As an adolescent, much of my identity was determined by my time with the Kids of the Century, a performing arts group in Southern California. That was essentially my official membership card, but my broader affiliation was with the so-called Artsy-Fartsy Community. I considered myself an Artsy-Fartsy Guy. Like all brooding, soulful Artistes, I thought deep thoughts and Expressed Myself in any way I could. I associated with other Artistes more often than not, as we chuckled at the follies of people less enlightened than we were.

What I discovered, though, was that the Artsy-Fartsy Community wasn’t particularly fond of the Mormon Community. (Or the Republican Community, for that matter, although I didn’t really get involved in politics in any formal way until much later.) I tried straddling the line as much as I could by trying to make the Mormon Community more Artsy-Fartsy and, to a lesser extent, the Artsy-Fartsy Community more Mormon. Neither was too successful. (And by “not too successful” I mean “not successful at all.”)

This tension has ever been with me throughout my career. I went full Mormon as a missionary in the later eighties and came home to find myself being tugged back toward the Artsy-Fartsy. I ended up running a theatre and, later, working at a theatre, both in predominantly Mormon environments. I thought, maybe, that having Mormon artistes would solve the problem, but every Mormon artiste was either struggling with the same tension or had flopped over to one side or the other. This was an oil-and-water thing, and the dream of the perfectly balanced Artsy-Fartsy Mormon never seemed to be within my reach.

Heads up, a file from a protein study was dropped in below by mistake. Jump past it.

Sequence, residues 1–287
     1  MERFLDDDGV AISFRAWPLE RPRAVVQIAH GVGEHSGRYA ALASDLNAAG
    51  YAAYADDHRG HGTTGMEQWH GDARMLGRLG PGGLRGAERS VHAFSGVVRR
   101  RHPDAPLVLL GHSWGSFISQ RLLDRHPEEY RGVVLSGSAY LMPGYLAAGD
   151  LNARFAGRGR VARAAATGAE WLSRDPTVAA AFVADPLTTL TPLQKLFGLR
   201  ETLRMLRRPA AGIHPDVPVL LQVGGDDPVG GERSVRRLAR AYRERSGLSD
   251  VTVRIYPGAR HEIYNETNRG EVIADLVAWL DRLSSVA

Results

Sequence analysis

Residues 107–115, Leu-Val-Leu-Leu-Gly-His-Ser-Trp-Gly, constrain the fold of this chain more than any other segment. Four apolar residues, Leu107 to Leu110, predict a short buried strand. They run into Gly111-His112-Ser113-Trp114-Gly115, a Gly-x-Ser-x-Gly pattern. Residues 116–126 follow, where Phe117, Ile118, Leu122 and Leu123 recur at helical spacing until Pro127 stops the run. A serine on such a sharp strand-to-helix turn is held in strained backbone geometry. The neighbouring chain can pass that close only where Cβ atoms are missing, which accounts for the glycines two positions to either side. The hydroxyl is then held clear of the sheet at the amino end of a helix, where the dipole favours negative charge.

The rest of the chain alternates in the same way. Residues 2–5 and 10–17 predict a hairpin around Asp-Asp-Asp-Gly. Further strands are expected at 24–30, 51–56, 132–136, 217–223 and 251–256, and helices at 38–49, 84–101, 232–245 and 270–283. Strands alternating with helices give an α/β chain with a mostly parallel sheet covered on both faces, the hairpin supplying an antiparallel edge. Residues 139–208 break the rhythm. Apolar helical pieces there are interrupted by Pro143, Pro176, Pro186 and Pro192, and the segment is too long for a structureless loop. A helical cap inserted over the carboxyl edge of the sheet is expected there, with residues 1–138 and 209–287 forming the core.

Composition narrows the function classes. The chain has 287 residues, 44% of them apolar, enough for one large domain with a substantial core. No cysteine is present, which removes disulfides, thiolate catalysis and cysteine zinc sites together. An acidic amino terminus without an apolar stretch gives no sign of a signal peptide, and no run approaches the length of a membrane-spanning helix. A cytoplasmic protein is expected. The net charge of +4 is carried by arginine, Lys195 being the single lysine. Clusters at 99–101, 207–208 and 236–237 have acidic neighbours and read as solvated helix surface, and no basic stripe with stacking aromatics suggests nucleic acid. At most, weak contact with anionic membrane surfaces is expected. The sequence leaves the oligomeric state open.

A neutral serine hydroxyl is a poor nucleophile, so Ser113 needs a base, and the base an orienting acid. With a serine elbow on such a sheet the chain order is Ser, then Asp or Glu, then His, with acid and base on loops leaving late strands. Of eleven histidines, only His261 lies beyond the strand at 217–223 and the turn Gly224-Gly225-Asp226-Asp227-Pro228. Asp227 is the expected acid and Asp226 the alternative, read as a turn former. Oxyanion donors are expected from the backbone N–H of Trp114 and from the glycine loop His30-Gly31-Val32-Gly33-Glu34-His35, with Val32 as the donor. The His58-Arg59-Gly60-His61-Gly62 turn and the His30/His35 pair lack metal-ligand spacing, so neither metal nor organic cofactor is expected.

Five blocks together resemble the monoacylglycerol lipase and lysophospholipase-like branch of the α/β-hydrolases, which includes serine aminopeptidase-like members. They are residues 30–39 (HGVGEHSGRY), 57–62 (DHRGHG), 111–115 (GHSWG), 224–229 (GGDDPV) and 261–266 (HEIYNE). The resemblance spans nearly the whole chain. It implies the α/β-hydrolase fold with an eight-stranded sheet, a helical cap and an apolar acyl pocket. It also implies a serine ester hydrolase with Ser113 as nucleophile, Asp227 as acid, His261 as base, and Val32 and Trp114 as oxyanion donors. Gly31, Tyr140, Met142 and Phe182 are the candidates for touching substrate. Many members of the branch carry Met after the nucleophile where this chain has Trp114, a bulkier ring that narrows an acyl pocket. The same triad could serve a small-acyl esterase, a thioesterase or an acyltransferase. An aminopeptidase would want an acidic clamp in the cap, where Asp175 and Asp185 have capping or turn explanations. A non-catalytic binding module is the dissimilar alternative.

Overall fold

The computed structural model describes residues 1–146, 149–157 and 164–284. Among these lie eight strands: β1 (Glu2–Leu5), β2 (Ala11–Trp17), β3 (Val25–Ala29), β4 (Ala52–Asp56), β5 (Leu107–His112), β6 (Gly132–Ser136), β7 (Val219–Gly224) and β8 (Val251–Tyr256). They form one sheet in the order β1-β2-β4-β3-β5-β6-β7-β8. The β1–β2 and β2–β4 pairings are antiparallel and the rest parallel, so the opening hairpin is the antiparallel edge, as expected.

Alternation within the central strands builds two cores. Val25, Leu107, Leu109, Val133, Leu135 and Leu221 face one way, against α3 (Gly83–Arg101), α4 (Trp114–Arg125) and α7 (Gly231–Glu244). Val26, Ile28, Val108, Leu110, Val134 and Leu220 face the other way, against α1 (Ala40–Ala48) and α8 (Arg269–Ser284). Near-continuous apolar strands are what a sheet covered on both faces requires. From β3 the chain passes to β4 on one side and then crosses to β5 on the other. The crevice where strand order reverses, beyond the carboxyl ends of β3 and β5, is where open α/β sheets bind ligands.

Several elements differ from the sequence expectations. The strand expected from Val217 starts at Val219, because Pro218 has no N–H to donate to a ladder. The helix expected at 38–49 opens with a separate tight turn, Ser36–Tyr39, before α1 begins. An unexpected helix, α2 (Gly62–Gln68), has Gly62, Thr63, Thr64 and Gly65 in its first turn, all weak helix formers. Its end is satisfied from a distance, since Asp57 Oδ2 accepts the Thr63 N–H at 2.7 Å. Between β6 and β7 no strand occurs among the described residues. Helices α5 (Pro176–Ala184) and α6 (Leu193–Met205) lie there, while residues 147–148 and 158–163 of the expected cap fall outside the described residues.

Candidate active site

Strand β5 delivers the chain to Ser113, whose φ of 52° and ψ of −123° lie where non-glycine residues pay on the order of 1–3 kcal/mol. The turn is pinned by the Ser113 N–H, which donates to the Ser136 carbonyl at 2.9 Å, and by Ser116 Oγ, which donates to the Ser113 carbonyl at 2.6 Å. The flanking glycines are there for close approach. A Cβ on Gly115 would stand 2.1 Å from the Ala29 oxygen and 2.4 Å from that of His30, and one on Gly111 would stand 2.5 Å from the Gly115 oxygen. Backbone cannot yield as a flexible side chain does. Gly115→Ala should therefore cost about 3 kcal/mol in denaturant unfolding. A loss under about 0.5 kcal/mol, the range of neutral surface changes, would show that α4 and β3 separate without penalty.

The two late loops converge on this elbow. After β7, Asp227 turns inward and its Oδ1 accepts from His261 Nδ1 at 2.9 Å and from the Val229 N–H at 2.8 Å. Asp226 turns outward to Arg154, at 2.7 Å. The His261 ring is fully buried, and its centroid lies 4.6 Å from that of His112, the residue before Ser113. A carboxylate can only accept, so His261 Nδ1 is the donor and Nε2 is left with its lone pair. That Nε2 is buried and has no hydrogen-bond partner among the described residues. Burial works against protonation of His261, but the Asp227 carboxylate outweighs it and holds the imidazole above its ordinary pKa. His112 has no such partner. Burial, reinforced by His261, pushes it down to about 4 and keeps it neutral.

What I finally realized was that I would ultimately have to make a choice. What was really important to me? Was it the Church of the Artistes? I chose the former, and as a result, I pretty much got excommunicated from the latter. It didn’t happen in a formal proceeding the way it would have with the former if I’d decided to go to church naked, but the irony is that Artistes are far less tolerant of departures from community orthodoxy than Mormons are.

But My Esteemed Colleague’s sense of community wasn’t a result of shared values – he loathed most of his classmates. His sense of community, then, was simply a result of prolonged proximity. People who live through a war – or high school – for years at a time feel a kinship with others who have shared the experience, regardless of what they may think or believe.

I feel that way about my own high school, too, as well as college. I also felt a lot of that as a missionary, although most of those guys were on the same page philosophically. But even now, I feel closer to those Scottish missionaries and LDS Church members I knew back then who no longer believe what I believe than I do to people who share my beliefs but didn’t share the same experiences. Proximity is more powerful I’d previously realized.